Kourabies (pl. kourabiedes), as most of you, who follow my blog, must know by now, are the Greek shortbread cookiesu00c2u00a0 made during Christmas.u00c2u00a0u00c2u00a0u00c2u00a0 In the older times, before the use of the mixer, these cookies needed elaborate preparation and that was done by hand, so these were made for special occasions such as weddings, christenings and other celebrations.

Traditionally they were flavoured with rose water or blossom water. u00c2u00a0u00c2u00a0 Local butter, usually ewe’s and/or ewe’s and goat butter is used and roasted almonds are sometimes added.u00c2u00a0 They are then formed into round or crescent cookies which, after baking, are then coated with confectioners” sugar. u00c2u00a0 Through the centuries, other flavorings have been added in lieu of, or in combination with,u00c2u00a0 rose or blossom water, such asu00c2u00a0 lemon zest, orange zest, vanilla, etc.u00c2u00a0u00c2u00a0u00c2u00a0 Liquor such as Metaxa brandy, Greek mastika, or ouzo are sometimes added to kourabiedes. u00c2u00a0 u00c2u00a0 After the cookies are removed from the oven and slightly cooled, rose water may be sprinkled on the cookies before dusting with sugar to help the coating to stick, although this method seems not be used any more.u00c2u00a0 We continue to do this in Cyprus for Loukoumia tou Gamou, our Wedding cookies.

Modern versions of kourabiedes now include other non traditional ingredients as well.

I have been making kourabiedes for many years and a very significant factor to have tasty kourabiedes lies mainly in the quality of butter used.u00c2u00a0u00c2u00a0 This year I made them with a butter I never used before and quite frankly I was really afraid what the outcome would be.u00c2u00a0 I asked my husband to bring sheep’s butter and instead he brought a Cretan butter called Stakovoutyro, made of sheep’s and goat milk.u00c2u00a0u00c2u00a0u00c2u00a0 Staka is the fresh cream skimmed off the top of milk andu00c2u00a0 Stakovoutyro is the buttercream (like clotted cream) made by cooking staka.u00c2u00a0 I know that all Cretan products are delicious but I didn’t know if I could use this butter to make kourabiedes.u00c2u00a0u00c2u00a0 On the back of the jar it said suitable for cooking and for desserts, so I risked making them and the result was fabulous.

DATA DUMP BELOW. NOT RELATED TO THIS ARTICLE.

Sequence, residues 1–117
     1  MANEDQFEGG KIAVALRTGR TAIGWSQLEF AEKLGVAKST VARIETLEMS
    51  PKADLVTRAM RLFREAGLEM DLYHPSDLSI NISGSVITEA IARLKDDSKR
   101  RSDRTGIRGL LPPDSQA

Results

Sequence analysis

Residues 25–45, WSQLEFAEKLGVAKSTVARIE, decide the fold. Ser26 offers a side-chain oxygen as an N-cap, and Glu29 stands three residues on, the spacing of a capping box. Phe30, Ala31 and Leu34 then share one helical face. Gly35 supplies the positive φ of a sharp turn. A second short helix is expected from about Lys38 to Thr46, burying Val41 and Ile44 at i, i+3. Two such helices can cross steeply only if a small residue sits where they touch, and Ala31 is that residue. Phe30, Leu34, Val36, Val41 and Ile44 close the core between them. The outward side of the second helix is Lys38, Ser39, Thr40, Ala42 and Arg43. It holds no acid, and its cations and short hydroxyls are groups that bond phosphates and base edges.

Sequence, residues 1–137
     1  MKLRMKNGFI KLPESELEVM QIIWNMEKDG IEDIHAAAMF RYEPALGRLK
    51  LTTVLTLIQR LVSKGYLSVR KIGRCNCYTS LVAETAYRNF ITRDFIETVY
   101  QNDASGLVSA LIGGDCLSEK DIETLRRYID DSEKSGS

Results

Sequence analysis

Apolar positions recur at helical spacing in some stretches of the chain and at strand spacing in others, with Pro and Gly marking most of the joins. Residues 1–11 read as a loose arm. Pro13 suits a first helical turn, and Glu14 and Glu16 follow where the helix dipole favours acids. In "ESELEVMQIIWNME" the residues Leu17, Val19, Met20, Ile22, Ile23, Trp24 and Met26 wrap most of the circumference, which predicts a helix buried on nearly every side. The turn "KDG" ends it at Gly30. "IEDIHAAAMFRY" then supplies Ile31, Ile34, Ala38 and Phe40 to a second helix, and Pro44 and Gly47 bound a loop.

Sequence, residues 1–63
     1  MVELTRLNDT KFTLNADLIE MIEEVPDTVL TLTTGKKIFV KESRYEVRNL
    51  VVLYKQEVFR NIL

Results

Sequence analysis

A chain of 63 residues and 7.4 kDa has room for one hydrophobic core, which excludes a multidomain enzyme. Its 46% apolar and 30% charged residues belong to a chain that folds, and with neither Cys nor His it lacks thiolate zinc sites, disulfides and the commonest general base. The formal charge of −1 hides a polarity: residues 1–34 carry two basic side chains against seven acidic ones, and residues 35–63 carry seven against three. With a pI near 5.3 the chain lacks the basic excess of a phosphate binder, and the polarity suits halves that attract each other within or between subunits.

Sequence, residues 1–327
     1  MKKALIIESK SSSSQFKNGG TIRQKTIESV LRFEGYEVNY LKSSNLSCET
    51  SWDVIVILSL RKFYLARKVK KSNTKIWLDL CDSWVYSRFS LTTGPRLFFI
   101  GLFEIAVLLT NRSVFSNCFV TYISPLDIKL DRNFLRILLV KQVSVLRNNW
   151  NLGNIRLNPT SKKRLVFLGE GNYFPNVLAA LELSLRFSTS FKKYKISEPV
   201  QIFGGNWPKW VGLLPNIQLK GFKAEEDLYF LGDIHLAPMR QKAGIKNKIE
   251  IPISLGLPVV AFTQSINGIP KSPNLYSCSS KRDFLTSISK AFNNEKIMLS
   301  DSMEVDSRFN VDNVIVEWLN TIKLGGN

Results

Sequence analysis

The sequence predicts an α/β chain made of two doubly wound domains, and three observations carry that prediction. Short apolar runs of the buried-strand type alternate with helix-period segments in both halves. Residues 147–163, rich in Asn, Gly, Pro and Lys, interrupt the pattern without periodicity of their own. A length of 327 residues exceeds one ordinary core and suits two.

If you cannot find ewe’s or goat milk butter these can also be made with regular butter, although they will lack the characteristic taste, they will still be delicious.

This year I flavoured them with…. u00c2u00a0 and …u00c2u00a0 which gave them a wonderful flavour.u00c2u00a0u00c2u00a0 They were perfect in taste and each bite they melted in your mouth, making you want to eat more and more.

This recipe also goes to Rosa, of Rosa’s Yummy Yums, for her even Pastries For Peace.

This recipe also goes to Susan of Food Blogga for her event Eat Christmas Cookies, Season 3

Happy Holidays and a Merry Christmas to you all!!

This recipe goes to Cinzia of Cindystar, for her event Baking under the Christmas Tree.

Other relevant recipes:

Amygdalota with White Chocolate

Kourabiedes with Pistachios

Kourabiedes filled with Dates & Almonds, Cypriot recipe

Christopsomo (Christmas Bread)

Christopsomo with a twist

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26 u00cfu0083u00cfu0087u00cfu008cu00ceu00bbu00ceu00b9u00ceu00b1 on Melt in your mouth Kourabiedes

  1. u00ceu009f/u00ceu0097 Reeni u00ceu00bbu00ceu00adu00ceu00b5u00ceu00b9:

    These are so pretty Ivy! And I bet they are just heavenly tasting!

  2. u00ceu009f/u00ceu0097 pixen u00ceu00bbu00ceu00adu00ceu00b5u00ceu00b9:

    Wow..first time I made Kourabiedes was 5 years ago??? My family loves them so much as they never ate Greek version. In my country, the Malays will made something similar called Kuih Makmur with pounded peanuts & sugar inside, then moulded into any shapes you want but most of the time, it's rounded or oval shaped. :-) You can compared the recipe with Kourabiedes ..it's quite similar! :-)